Analysis of Video Conferencing

Analysis of Video Conferencing


Videoconferencing is “the holding of a conference among people at remote locations by means of transmitted audio and video signals.”

Through these conferences, individuals meet one another in a real-time virtual manner as if they “were in the same room” without the hassle and the expense of traveling.

While slight limitations remain “depending on the quality of the equipment” employed by courts, the general facial and physical expressions communicated by witnesses are rarely inhibited by the use of such technology.

Videoconferencing systems contain four key components: a 

  1. transmission system, 
  2. camera/microphone, 
  3. CODEC (encoder/decoder), and 
  4. compression/decompression hardware and software

More advanced systems commonly used in courtrooms also include remote controls with “zooming, panning, and tilting functions,” and varying screen options, such as “multiple split-window displays.” Split-window displays present images of several individuals, physically separated by distance, together on one screen. One of the newest and most innovative forms of VCT uses cameras that track a specific type of badge. While wearing these unique badges, courtroom participants are followed by cameras as they move, thus allowing a more dynamic interaction to take place. As with most technology, each feature is “expected to become more refined and less expensive over time.”

Courts to conduct hearings through video calls, says SC | Latest News India - Hindustan Times

Reason due to which video conferencing can be granted as a method for criminal proceedings

  1. Threat to life
  2. Unknown expenses
  3. Delay in procedure (time constraint)
  4. Due to job creating impossibility 
  5. Health constraints
  6. Family issues


Indian Provisions Related to video conferencing

Section 273 CrPC

  1. Evidence to be taken in presence of accused.—Except as otherwise expressly provided, all evidence taken in the course of the trial or other proceeding shall be taken in the presence of the accused, or, when his personal attendance is dispensed with, in the presence of his pleader.

[Provided that where the evidence of a woman below the age of eighteen years who is alleged to have been subjected to rape or any other sexual offence, is to be recorded, the court may take appropriate measures to ensure that such woman is not confronted by the accused while at the same time ensuring the right of cross-examination of the accused.]

Explanation.—In this section, “accused” includes a person in relation to whom any proceeding under Chapter VIII has been commenced under this Code.


Gujarat STATE AMENDMENTS- [Vide Guj. Act 31 of 2017, S. 2, dt. 8-9-2017]

Gujarat.—In Section 273, after the words “in the presence of his pleader”, the words “or, as the case may be, through the medium of Electronic Video Linkage when the court on its own motion or on an application so directs in the interests of justice” shall be added. 


Section 285(3) CrPC

(3) If the witness is in a country or place outside India and arrangements have been made by the Central Government with the Government of such country or place for taking the evidence of witnesses in relation to criminal matters, the commission shall be issued in such form, directed to such Court or officer, and sent to such authority for transmission as the Central Government may, by notification, prescribed in this behalf.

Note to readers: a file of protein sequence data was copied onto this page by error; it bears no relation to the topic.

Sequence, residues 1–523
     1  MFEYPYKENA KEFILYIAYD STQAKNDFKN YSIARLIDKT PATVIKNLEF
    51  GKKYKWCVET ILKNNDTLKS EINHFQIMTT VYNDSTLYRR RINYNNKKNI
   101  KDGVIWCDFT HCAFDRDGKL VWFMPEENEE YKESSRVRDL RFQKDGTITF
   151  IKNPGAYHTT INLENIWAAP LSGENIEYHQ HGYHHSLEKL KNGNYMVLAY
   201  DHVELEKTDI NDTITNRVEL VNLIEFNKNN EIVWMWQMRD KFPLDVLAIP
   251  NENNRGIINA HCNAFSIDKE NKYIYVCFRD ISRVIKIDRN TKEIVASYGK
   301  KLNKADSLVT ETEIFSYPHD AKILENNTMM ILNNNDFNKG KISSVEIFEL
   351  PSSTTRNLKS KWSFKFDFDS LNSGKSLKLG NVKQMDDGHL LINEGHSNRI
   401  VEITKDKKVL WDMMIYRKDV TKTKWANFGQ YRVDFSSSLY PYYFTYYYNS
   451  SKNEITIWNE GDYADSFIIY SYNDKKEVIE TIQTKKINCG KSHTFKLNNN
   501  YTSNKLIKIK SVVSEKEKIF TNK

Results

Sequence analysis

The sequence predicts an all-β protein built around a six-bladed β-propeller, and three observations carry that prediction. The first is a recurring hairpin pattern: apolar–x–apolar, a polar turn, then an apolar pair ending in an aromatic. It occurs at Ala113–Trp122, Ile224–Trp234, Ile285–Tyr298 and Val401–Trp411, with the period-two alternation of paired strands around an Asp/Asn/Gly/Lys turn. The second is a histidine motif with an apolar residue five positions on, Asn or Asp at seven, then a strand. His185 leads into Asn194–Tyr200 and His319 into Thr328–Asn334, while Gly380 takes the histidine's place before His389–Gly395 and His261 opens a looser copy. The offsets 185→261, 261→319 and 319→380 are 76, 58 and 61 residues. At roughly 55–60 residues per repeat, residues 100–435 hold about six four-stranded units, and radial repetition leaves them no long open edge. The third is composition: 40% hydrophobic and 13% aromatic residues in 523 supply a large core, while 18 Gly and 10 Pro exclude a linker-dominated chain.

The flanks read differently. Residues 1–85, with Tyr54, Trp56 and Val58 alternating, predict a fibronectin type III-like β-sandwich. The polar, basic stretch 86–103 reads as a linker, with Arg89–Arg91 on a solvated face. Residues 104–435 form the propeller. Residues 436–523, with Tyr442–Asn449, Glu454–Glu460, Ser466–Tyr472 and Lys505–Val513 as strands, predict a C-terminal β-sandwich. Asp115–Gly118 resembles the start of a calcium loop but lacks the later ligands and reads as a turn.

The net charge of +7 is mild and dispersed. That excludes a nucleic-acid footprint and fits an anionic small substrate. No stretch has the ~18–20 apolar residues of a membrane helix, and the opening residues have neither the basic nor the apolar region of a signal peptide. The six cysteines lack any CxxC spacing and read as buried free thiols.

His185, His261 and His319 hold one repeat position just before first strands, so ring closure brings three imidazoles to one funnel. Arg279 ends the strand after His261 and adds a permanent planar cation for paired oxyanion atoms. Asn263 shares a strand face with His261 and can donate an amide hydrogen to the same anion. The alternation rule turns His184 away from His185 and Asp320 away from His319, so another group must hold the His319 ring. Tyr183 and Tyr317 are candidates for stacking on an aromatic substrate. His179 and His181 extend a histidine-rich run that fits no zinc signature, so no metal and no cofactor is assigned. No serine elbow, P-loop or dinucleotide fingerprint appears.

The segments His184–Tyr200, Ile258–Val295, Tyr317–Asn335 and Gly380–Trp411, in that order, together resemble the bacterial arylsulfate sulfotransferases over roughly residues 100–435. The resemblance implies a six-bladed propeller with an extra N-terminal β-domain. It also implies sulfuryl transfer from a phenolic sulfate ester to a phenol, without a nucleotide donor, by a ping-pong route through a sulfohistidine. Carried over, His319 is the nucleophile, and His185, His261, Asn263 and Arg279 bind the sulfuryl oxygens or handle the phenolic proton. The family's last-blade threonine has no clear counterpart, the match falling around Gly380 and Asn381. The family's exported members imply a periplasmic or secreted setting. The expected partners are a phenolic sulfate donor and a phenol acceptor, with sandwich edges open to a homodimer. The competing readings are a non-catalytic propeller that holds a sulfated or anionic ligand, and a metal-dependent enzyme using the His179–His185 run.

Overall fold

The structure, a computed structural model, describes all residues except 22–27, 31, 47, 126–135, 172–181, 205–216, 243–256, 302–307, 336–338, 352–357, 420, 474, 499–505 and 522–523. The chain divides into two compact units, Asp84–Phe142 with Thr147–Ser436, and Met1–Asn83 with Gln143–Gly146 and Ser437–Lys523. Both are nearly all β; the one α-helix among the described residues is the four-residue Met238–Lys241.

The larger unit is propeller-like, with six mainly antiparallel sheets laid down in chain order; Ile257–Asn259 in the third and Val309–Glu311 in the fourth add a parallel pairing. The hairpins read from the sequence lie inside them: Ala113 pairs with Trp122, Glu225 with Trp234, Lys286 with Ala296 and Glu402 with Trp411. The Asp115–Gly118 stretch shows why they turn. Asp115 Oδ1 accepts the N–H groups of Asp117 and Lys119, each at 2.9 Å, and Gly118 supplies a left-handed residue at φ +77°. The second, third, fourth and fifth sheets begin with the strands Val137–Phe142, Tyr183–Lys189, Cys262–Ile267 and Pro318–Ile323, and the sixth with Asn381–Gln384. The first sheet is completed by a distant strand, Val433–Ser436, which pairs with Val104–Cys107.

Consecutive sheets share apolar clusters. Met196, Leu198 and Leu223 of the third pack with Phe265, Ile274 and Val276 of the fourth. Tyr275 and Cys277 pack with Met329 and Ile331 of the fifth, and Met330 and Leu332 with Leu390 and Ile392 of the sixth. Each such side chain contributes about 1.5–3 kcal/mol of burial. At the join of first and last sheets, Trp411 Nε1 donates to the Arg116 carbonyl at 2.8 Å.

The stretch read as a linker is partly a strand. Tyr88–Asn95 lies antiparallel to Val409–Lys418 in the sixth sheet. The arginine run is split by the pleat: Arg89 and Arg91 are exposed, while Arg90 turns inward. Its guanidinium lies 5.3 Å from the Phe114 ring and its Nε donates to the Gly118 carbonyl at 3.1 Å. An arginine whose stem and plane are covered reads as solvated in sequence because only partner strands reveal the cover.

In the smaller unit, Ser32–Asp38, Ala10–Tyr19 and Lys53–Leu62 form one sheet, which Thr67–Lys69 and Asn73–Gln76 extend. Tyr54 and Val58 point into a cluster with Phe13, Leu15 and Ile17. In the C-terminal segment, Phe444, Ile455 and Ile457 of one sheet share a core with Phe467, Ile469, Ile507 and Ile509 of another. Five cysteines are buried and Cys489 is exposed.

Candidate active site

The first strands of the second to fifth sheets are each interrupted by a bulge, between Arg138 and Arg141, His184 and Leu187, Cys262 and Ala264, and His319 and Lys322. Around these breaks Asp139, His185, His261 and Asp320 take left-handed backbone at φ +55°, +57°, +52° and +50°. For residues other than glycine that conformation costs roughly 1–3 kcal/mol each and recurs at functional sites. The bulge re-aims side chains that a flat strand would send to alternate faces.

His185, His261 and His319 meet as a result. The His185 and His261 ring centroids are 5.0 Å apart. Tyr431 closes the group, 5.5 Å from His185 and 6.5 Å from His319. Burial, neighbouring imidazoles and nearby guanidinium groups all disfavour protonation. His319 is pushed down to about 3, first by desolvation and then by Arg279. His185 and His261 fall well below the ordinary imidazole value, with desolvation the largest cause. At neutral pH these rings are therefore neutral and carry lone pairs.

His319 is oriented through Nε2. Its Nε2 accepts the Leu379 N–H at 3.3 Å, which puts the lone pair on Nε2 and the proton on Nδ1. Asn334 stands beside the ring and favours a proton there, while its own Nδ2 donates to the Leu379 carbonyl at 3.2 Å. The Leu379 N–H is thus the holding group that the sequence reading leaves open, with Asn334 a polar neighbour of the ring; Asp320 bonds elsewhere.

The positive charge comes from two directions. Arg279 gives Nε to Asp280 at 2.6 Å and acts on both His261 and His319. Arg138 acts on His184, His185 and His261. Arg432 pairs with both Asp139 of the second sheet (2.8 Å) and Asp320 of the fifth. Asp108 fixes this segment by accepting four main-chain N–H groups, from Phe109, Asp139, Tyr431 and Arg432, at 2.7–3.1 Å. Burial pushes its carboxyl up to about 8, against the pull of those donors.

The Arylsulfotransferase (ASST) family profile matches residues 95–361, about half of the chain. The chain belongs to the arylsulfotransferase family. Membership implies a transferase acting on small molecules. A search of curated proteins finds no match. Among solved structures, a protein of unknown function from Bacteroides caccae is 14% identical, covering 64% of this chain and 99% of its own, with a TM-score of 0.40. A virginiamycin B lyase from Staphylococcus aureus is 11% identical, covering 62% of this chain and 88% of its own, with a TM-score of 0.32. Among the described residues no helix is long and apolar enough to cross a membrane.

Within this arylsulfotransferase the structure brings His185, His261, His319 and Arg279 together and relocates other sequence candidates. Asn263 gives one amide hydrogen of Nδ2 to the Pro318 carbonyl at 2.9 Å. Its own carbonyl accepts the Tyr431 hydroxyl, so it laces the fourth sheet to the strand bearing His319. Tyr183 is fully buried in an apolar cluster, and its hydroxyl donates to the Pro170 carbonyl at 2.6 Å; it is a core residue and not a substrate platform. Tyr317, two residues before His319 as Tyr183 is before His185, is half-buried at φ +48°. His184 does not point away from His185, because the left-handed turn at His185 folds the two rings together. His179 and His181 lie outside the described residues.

Section 3 Indian Evidence Act (Interpretation Clause)

“Evidence.”— “Evidence” means and includes–

(1) all statements which the Court permits or requires to be made before it by witnesses, in relation to matters of fact under inquiry; such statements are called oral evidence;

(2)6[all documents including electronic records produced for the inspection of the Court;] such documents are called documentary evidence.

Case Laws In which video conferencing was allowed

The fast changing speed of technology in the modern 21st century, requires us to keep pace with it. Not only do our needs change but our ability to adapt to these requirements matter a lot. At this stage the words of Justice Bhagwati in the case of National Textile Workers’ Union v. P.R. Ramakrishnan, at page 256, need to be set out. They are:

“We cannot allow the dead hand of the past to stifle the growth of the living present. Law cannot stand still; it must change with the changing social concepts and values. If the bark that protects the tree fails to grow and expand along with the tree. It will either choke the tree or if it is a living tree, it will shed that bark and grow a new living bark for itself. Similarly, if the law fails to respond to the needs of changing society, then either it will stifle the growth of the society and choke its progress or if the society is vigorous enough, it will cast away the law which stands in the way of its growth. Law must therefore constantly be on the more adapting itself to the fast changing society and not lag behind.”

The Salem Advocate Bar Association, Tamil Nadu v. Union of India was one of the first cases that broadly interpreted the provisions of the Civil Procedure Code, 1908 (C.P.C) and allowed for the use of electronic media during the evidence stage. The Supreme Court while interpreting order 18 of the Civil Procedure Code ‘Hearing of the suit and Examination of witnesses, held that the word mechanically indicates that evidence can be recorded with the help of electronic media including audio or audio-visual apparatus.